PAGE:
Car pollution must be cut by half in 15 years: report
The volume of emissions from road traffic must be halved by 2025 if Northern Ireland is to meet its climate change targets, official predictions have revealed.
Further increases will significantly undermine the Executive's ability to meet its overall aims, a report from the Department for Regional Development (DRD) warned.
Pollutants from transport increased significantly since 1990, affecting progress in other areas, the paper added. There has been a notable increase in rural driving and transport for construction materials.
The DRD review said: “While it may be possible to pursue more ambitious reductions in other sectors to address potential shortfalls in transport, the fact remains that further increases in road transport emissions will significantly undermine the potential to successfully realise the Executive's targets and commitments in this area.
“Transport must therefore play its part. Indeed the outworking of the Climate Change Act, the Renewable Energy Directive and related legislation are likely to require action to reduce emissions from road transport.”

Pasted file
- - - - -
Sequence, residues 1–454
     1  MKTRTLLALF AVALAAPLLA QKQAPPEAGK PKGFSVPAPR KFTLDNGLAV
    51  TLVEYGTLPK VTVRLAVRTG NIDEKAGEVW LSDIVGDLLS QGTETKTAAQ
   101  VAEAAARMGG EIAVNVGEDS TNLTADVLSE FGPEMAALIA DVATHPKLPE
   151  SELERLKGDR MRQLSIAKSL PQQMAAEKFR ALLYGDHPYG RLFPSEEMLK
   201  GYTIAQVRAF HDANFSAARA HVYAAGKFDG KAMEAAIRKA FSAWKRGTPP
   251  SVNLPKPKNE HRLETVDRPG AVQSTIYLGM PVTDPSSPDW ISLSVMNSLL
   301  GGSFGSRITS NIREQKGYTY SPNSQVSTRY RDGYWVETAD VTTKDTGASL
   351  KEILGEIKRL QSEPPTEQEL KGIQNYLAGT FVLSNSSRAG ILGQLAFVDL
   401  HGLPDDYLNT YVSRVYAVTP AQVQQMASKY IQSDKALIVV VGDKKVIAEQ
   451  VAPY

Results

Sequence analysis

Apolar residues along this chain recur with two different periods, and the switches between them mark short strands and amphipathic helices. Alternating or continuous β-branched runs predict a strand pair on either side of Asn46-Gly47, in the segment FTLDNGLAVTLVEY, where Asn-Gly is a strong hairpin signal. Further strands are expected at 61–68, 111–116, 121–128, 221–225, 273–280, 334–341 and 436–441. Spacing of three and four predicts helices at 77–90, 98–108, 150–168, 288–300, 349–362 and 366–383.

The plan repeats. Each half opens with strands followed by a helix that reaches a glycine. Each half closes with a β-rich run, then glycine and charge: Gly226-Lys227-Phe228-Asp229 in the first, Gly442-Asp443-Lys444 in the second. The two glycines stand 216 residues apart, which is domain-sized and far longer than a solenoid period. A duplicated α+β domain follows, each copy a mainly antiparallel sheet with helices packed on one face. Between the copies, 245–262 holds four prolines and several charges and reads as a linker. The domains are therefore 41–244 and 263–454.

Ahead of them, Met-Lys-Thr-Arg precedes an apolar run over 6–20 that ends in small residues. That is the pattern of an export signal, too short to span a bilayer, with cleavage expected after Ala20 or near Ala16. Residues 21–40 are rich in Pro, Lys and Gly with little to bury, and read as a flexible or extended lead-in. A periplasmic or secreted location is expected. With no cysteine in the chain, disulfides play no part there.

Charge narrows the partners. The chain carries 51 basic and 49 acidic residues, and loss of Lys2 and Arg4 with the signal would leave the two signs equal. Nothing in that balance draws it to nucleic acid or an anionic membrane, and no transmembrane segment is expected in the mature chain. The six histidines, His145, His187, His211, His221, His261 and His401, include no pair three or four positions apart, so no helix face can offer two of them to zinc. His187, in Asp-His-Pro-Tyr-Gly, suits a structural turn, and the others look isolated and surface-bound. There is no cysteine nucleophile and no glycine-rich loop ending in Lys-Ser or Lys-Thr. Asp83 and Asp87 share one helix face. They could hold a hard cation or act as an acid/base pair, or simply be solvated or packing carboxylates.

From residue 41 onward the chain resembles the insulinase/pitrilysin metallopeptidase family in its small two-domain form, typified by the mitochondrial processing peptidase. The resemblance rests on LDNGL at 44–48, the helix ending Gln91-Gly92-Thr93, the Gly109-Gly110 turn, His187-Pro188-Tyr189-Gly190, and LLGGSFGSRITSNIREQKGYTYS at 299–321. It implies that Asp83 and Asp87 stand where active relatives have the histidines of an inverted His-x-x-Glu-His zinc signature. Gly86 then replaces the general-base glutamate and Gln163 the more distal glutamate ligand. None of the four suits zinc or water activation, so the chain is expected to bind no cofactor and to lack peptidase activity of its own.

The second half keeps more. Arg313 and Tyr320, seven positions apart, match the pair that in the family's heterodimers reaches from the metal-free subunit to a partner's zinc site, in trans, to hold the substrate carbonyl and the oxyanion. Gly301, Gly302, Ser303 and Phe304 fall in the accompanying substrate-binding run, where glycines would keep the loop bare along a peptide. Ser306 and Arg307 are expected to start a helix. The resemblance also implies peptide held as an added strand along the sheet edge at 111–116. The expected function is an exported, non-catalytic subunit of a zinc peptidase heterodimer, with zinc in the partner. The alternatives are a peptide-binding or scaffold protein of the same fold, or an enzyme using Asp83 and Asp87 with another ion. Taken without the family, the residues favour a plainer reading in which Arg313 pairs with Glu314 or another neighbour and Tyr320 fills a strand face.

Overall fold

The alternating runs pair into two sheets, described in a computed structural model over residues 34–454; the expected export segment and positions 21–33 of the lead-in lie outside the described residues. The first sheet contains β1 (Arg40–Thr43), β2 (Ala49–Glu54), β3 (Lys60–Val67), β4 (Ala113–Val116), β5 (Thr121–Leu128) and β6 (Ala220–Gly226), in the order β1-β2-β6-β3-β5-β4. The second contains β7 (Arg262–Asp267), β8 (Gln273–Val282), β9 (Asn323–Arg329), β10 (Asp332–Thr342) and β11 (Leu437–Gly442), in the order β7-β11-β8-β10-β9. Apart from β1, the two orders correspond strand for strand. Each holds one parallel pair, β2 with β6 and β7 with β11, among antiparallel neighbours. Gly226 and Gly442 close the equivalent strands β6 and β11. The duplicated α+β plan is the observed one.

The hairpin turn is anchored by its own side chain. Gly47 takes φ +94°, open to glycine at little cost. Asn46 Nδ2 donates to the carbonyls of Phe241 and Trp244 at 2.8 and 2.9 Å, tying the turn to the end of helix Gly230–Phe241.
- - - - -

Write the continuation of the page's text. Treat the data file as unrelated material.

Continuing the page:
A rapidly growing population and economic growth following the end of the conflict contributed to past increases in demand for transport, the dossier added. Within freight transport there has been a particular rise in light goods vehicle traffic. Total greenhouse gas emissions from road transport increased by 53% between 1990 and 2006.
The paper, Reducing Greenhouse Gas Emissions from Road Transport, added: “The scale of the challenge is considerable, but it is unlikely to decrease in magnitude in the absence of a concerted policy response.
“Moreover, it will require a focus on all areas of transport including freight.”
It said traffic speeds decreased by 12% from 2001 to 2007.
“Increased journey times have a significant economic and environmental impact, reducing productivity as workers and goods spend more time travelling, and increasing the costs and environmental impacts of travel as more fuel is consumed.
“There is also clear evidence that the provision of extra road capacity in conditions of actual or expected congestion has consistently lead to greater volumes of traffic and cannot be provided in line with rates of traffic growth.”
The DRD committee at Stormont takes evidence from officials about the report today.